Dr. Robert Castellano, The Information Network
NEW TRIPOLI, USA: The film deposition equipment market for semiconductor manufacturing was down 38 percent in 2009, but on a sector-by-sector basis, sales dropped between 8.7 percent to 71.7 percent, according to The Information Network's report: Thin Film Deposition: Trends, Key Issues, Market Analysis.
The huge variation in sector non-growth is attributed to the transition to copper damascene processing from aluminum interconnects for memory devices. The adoption of copper in memory devices is currently under way, and all memory suppliers, led by Samsung, spent huge sums of money upgrading as many of their lines as they could to copper and this change had an important impact on purchases of copper deposition equipment and materials in 2009.
The deposition equipment business has become highly selective, and certain types of equipment work better or a given technology or device than others. For example,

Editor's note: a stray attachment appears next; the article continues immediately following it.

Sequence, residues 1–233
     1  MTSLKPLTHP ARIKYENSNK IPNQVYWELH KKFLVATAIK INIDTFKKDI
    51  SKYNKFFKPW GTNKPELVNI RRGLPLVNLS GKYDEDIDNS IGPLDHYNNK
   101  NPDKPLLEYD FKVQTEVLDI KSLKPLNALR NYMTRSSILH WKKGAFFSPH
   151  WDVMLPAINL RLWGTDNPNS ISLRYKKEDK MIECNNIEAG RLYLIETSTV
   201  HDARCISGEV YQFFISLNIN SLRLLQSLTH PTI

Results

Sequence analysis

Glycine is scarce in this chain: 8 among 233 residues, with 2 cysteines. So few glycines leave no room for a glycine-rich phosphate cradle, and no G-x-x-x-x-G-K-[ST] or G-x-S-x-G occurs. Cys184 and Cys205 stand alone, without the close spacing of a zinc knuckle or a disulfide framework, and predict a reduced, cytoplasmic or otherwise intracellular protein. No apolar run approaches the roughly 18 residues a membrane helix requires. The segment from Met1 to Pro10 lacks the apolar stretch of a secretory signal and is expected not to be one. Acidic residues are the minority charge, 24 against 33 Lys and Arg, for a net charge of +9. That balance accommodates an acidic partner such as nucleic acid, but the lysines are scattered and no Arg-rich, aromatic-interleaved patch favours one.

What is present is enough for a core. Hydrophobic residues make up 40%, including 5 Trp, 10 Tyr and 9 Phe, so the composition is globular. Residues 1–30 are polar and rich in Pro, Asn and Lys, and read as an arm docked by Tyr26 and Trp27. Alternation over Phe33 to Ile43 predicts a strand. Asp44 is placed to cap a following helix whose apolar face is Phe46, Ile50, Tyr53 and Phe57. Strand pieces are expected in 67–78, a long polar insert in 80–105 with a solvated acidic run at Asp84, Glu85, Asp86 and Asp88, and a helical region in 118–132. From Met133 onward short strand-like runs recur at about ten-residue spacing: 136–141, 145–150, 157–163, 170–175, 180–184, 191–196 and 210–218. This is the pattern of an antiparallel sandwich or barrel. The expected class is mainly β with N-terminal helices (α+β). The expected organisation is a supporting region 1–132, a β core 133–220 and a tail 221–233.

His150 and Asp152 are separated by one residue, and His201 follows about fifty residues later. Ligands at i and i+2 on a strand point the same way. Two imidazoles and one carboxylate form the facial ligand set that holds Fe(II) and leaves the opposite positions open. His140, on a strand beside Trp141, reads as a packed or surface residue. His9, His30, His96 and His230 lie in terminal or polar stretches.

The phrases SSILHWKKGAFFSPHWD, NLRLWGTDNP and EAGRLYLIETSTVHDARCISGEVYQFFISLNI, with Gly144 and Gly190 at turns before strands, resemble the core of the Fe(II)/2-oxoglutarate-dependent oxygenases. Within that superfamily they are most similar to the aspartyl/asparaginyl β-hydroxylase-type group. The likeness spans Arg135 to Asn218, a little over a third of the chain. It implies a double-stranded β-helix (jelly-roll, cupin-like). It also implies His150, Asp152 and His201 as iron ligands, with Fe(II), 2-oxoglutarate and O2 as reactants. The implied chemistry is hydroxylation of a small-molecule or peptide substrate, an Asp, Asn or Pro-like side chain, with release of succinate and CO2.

HDP is a technology which can do gapfill. For subtractive Al technology, in which you lay down a slab of Al, etch it into lines, and then fill the gaps with oxide, these technologies do well.
In the Cu dual damascene scheme, the dielectric is laid down as a planar film, etched, and the gaps are filled with metal. Thus, the metal deposition technology needs to be able to do gapfill, not the dielectric. PECVD is the technology of choice. In fact, there are more than twenty PECVD processing steps required to fabricate a typical memory device.
The growth of the PVD market was strong for the deposition of the copper barrier metal, which is typically a bi-layer of Ta/TaN, or TiN. However, the transition to memory presents challenges. As feature size continues to shrink, a thinner barrier metal is required to maximize copper volume in the damascene structure and maintain effective resistivity. Ultra-thin barrier metals must achieve optimum step coverage, density, and morphology in high aspect ratio trenches and vias.
Samsung Electronics Co. Ltd. announced on Monday (May 17) that it would double its capital spending to boost its capacity in semiconductor and flat-panel display manufacturing. How that plays out in the thin film deposition equipment market is addressed in the report.